PORTLAND – When Steve Closuit said the first chore of the day was to lubricate the pin setters at Bayside Bowl, I envisioned those little racks that come down and pick the pins neatly up off the lane.

But I soon learned that that’s only part of the pin-setting machine. When Closuit took me into the area behind the pins — the area the public doesn’t see — I was stunned to see 12 massive metal contraptions, each taller than me and as wide as a car. Each has some 17,000 parts. When turned on, each pin setter has its wheels and belts turning, arms pumping, clutches engaged.

All this machinery powers the metal sweep, which sweeps pins out of the alley, as well as the metal contraption that actually stands the pins up, and a giant wheel in the back that carries pins from ground level up to where they can be reset onto the alley.

Closuit, 46, operations manager and chief mechanic at Bayside Bowl, grabbed a small tube of oil with a 6-inch-long, straw-like spout and said we were ready to begin.

“It’ll take me about two hours to do all of these, but let’s start,” said Closuit, of Old Orchard Beach. “Watch yourself — lots of moving parts.”

With that, I stepped up onto a metal crossbar, then a higher one, until I was on top of the pin-setting machine.

LANDING WITH A THUD

As one machine rumbled and hummed inches away from me, I prepared to oil one that was shut off. Closuit pointed me to some metal discs that needed oiling. They were pretty well obscured by other parts. This is why there’s a long, straw-like spout on the oil tube.

So I steadied my hand and tried as best I could to leave a line of oil all the way around the disc.

When I went to step off the machine, I forgot how high up I was and jumped down. I landed with a thud, and Closuit reminded to step down on crossbars. It would be easier on my feet.

Closuit showed some other spots to lubricate: pin-sized holes that he had drilled into a couple of large pieces of metal. I could barely see the holes because they were obscured by belts and more metal parts. I squeezed my hand into the machinery and just barely got the spout to one of the holes. As I squeezed, I noticed the oil was dribbling out of the hole.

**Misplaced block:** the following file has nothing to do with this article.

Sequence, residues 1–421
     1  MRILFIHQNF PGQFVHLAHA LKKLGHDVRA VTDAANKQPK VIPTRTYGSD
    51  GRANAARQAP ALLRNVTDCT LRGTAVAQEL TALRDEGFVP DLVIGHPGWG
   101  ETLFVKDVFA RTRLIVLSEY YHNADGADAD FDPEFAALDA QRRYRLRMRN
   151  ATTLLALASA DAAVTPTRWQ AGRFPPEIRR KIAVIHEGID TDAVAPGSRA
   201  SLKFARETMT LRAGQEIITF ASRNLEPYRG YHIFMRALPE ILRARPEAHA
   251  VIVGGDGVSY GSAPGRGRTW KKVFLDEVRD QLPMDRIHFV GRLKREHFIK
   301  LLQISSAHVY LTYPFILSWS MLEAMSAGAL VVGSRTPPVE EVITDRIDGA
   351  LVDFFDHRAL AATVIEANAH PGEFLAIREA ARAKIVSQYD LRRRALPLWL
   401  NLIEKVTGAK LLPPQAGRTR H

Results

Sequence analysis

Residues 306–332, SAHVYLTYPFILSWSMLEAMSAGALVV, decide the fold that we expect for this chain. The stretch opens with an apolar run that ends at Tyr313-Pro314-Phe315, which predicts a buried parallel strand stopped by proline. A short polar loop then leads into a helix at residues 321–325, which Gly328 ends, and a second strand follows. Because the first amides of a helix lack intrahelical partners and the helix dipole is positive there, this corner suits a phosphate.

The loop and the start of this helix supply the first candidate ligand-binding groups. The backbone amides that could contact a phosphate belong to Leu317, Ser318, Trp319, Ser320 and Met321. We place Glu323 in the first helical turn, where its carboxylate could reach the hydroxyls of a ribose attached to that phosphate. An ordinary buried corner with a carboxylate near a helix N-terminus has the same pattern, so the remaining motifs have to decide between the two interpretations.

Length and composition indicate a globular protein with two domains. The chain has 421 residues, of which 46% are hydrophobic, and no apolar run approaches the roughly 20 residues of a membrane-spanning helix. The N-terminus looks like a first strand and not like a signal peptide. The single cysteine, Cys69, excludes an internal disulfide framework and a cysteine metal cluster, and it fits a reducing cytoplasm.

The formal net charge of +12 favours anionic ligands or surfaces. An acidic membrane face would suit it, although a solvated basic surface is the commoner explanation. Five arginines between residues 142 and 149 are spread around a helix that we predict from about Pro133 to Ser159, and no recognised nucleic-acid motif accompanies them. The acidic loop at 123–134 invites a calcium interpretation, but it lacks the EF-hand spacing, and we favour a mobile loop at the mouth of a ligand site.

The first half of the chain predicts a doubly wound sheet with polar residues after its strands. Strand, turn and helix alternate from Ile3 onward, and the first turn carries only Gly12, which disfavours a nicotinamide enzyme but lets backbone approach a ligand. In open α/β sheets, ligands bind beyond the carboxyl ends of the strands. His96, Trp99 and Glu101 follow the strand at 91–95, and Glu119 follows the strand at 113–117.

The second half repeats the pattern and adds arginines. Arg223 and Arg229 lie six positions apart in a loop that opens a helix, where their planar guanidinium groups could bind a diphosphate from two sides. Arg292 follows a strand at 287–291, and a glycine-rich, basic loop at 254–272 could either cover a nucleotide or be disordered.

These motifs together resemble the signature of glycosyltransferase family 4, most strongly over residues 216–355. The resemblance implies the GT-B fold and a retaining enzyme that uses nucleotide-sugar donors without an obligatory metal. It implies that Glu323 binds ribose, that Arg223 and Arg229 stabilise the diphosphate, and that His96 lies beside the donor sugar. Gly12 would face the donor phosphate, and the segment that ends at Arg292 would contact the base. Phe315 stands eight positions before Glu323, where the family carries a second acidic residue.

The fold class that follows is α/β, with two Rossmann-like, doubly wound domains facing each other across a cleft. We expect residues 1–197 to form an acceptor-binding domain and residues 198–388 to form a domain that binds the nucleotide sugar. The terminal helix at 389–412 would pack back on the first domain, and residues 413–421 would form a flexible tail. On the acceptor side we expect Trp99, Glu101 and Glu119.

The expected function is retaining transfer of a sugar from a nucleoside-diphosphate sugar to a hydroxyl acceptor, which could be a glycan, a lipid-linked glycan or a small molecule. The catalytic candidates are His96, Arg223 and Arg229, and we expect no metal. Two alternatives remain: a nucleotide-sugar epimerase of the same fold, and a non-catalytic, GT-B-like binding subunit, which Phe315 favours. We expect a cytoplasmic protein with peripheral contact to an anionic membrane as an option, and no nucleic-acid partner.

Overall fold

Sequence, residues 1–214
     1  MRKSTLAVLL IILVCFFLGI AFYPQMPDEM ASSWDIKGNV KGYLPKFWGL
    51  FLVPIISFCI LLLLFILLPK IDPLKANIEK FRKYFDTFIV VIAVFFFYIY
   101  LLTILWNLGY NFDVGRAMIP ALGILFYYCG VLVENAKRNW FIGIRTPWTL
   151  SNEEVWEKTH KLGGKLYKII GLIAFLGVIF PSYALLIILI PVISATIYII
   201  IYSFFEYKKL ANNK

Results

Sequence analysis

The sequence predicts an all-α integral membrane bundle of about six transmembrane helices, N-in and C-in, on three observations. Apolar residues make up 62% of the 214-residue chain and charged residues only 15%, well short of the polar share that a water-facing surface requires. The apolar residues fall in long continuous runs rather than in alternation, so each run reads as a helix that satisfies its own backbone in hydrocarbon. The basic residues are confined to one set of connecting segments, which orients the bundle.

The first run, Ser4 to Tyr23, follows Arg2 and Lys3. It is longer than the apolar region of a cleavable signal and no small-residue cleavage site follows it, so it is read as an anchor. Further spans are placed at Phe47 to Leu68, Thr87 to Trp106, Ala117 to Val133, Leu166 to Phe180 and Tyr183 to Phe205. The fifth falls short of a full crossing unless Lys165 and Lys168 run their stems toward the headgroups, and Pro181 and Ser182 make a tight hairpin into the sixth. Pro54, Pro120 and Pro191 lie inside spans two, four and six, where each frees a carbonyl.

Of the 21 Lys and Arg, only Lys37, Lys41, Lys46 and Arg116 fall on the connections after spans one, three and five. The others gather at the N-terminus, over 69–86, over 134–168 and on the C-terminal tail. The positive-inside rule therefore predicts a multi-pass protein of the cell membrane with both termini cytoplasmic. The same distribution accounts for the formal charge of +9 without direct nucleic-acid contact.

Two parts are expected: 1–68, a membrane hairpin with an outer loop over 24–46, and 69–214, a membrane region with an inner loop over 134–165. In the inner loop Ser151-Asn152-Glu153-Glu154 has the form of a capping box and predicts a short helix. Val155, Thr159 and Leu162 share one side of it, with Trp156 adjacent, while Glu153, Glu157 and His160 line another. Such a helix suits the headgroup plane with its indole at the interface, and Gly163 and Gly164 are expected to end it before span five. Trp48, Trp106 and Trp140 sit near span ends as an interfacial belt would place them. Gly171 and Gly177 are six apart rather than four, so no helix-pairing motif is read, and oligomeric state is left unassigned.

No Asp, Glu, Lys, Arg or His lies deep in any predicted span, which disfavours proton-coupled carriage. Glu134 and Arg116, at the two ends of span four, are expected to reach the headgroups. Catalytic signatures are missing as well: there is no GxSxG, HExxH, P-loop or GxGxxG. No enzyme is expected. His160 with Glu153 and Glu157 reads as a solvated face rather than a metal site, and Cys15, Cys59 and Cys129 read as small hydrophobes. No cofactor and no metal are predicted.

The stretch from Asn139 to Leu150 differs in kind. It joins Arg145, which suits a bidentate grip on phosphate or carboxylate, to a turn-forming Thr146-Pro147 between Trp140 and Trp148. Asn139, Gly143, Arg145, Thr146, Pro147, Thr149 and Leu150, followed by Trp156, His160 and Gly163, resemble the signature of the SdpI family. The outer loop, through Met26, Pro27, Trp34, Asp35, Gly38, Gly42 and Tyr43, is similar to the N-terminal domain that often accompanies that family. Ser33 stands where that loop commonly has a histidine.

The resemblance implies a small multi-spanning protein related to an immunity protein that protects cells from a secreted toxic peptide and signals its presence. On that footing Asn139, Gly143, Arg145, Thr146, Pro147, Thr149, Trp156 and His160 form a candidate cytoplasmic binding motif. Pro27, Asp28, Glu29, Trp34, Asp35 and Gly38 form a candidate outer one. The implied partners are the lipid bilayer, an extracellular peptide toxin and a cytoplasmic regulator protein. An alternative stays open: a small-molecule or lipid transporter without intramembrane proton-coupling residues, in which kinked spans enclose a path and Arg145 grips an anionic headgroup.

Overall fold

“No such thing as too much oil,” said Closuit. “This is all metal, nuts and bolts; we want to keep everything running smoothly.”

But at one point, when I climbed down from a machine after oiling it, I found out that what Closuit said was not strictly true. There was such a thing as too much oil — for my pants, at least. I now had a big black splotch on my tan khakis.

“That’s why I always dress in black,” said Closuit.

BUILT IN 1960S — TO LAST

The pin setters get a lot of use. Closuit said that on one day at Bayside recently, there were 599 games bowled on the 12 lanes.

Closuit, who has been maintaining and repairing bowling alley equipment for more than 20 years, said he likes Bayside’s pin setters because they are all metal, nuts and bolts. They were built in the 1960s, and with the proper care, continue to run great, he said.

He compared them to the engine of an older car, where you can see how everything works together.

In contrast, newer pin setting machines are made of plastic. Closuit cringed a little when he told me this.

“I was always the kind of kid who wanted to open things up and see how they work — lawn mowers, engines, anything,” he said. “So when I was first introduced to these things, I was fascinated. And I still learn something new every day.”

Some days, Closuit runs a lane-cleaning machine up and down the wooden lanes to condition the surface. But on this day Bayside had a party of bowlers coming in at noon, so there wasn’t time.

Closuit is also in charge of all the mechanical workings at the alley, so when I first met with him, he was fixing a clog in the drain of the dishwasher. Later, he showed me the room in the back where he takes care of bowling balls. Bayside is a 10-pin alley, meaning it uses the big balls, with holes for your fingers.

Closuit had just finished putting epoxy in the holes of a bowling ball. He was about to grind and sand the ball down and drill new holes in a different spot for a new grip.

Closuit’s not just a fixer of things, he’s done some pro bowling, and has perfect games to his credit.

So for him, keeping the pin setters humming and helping a bowler find a new grip are all part of the same thing — preserving a game he loves.

“For me, I love dealing with people and I love the fact that what we do here helps people have a good time,” he said.

Staff Writer Ray Routhier can be contacted at 791-6454 or at:

[email protected]